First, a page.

ERIC Number: ED181425
Record Type: Non-Journal
Publication Date: 1980-Jan
Reference Count: N/A
Comprehension Monitoring and the Error Detection Paradigm. Technical Report No. 153.
Winograd, Peter; Johnston, Peter
In a study that examined the conditions that were likely to facilitate error detection, it was hypothesized that poor readers' comprehension monitoring abilities would improve if they were given assistance in selecting the appropriate schema for understanding a passage. When the hypothesis was tested with 20 sixth grade students in an error detection task, however, no evidence was found to support the notion that schema activation would significantly improve poor readers' error detection abilities. The results did indicate that while good readers were significantly better at error detection than were poor readers, a surprising number of children failed to report some very blatant errors. Although these results are in agreement with earlier studies using the same task, it seems questionable to conclude that sixth graders are lacking in metacognitive abilities. An analysis of the results indicates five major difficulties in using the error detection paradigm: determining why subjects do not overtly respond to the presence of errors in the text; determining which criteria for comprehension subjects have chosen to apply; adequately specifying the kind, magnitude, and placement of target errors; overrelying on probes as dependent measures; and overrelying on subjects' verbal reports about their own cognitive processes. (RL)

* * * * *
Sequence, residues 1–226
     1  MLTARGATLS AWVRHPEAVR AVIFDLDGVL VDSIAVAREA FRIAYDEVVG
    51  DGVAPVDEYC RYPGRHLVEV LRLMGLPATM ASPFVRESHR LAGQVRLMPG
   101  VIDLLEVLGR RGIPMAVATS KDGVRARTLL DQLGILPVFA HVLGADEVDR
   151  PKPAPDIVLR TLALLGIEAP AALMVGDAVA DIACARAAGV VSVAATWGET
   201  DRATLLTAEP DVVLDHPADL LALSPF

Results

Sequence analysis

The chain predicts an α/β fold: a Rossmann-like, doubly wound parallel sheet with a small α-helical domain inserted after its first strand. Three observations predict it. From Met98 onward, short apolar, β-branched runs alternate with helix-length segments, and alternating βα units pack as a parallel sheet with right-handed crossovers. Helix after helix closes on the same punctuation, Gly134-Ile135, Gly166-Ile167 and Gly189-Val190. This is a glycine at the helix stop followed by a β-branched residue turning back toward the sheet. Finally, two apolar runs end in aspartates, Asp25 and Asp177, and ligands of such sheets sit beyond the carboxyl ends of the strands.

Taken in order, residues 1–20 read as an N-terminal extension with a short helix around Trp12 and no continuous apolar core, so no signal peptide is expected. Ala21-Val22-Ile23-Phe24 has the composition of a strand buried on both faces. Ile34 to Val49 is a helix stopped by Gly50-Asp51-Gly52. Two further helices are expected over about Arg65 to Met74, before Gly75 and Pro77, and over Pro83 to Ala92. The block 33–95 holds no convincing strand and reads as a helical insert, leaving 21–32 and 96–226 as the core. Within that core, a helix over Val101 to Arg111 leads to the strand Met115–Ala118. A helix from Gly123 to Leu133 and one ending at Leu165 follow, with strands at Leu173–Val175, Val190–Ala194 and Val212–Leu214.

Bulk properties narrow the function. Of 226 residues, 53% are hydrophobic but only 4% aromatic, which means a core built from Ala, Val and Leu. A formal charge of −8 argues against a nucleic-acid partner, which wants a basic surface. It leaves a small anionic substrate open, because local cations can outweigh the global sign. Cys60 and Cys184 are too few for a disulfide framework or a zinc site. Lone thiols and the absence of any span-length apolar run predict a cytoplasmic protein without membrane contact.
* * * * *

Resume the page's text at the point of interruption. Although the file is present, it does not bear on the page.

Publication Type: Reports - Research
Education Level: N/A
Sponsor: National Inst. of Education (DHEW), Washington, DC.
Authoring Institution: Illinois Univ., Urbana. Center for the Study of Reading.; Bolt, Beranek and Newman, Inc., Cambridge, MA.